ZTE taps U.S. chief to lead worldwide device business

ZTE sign
ZTE named Cheng Lixin, who had served as president of its North America mobile devices business, to lead its worldwide mobile devices operations.

ZTE has reportedly tapped the chief of its U.S. business to lead its worldwide phone operations just a month after pleading guilty to violating U.S. trade sanctions.

Reuters said Cheng Lixin, who had served as president of ZTE North America mobile devices business unit since 2010, was named president of the Chinese company’s global mobile devices operations. ZTE has not yet announced the move officially.

ZTE last month plead guilty to violating the International Emergency Powers Act, the U.S. Department of Justice said, agreeing to pay a $287 million fine and “criminal forfeiture” of $143.5 million as well as submitting to a three-year probationary period.

The Commerce Department last year said it had uncovered plans by ZTE to use multiple shell companies to re-export controlled items to Iran, which would violate U.S. control laws. As a result, the U.S. government imposed export restrictions on the company, preventing ZTE from conducting business in the United States and working with U.S. suppliers like Broadcom and Qualcomm. But ZTE has since received multiple reprieves from those restrictions as investigations into the company continued.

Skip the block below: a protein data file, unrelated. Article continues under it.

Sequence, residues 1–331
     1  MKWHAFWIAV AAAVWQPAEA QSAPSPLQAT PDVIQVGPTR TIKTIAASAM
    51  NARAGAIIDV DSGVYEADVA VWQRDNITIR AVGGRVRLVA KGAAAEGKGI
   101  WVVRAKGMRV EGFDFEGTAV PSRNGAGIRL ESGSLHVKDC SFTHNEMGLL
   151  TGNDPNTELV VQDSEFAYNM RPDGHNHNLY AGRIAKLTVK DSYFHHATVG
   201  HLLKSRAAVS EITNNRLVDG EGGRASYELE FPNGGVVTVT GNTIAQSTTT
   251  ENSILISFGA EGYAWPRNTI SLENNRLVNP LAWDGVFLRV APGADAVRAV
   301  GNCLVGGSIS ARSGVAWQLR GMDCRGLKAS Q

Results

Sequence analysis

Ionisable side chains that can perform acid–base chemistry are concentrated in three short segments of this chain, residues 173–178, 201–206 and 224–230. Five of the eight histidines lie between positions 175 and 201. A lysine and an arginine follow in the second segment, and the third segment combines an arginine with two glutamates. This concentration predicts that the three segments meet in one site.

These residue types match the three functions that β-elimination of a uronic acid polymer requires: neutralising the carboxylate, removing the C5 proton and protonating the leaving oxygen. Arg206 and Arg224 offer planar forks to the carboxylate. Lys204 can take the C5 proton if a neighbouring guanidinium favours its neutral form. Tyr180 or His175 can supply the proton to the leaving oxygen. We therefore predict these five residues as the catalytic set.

ZTE is a major smartphone vendor in the United States and a major player in the international wireless industry in both network equipment and smartphones. The company earlier this week posted a 27.8% year-over-year increase in first-quarter profit thanks to increased demand for its telecom gear and smartphones, and it was the fourth-largest smartphone brand in the U.S. during the third quarter of 2016, according to Strategy Analytics.

In February, ZTE introduced the so-called Gigabit Phone, which looks to be one of the first handsets designed to support 1 Gbps speeds when it launches later this year. AT&T recently said it expects to reach peak theoretical speeds of up to 1 Gbps “at some cell sites” this year, and Sprint CTO John Saw said his company expects to approach “1 Gbps class speed boundaries, on all our licensed spectrum” using 256 QAM, massive MIMO and three-channel carrier aggregation. Meanwhile, T-Mobile CTO Neville Ray has vowed that his carrier “will absolutely be first to gigabit speeds.”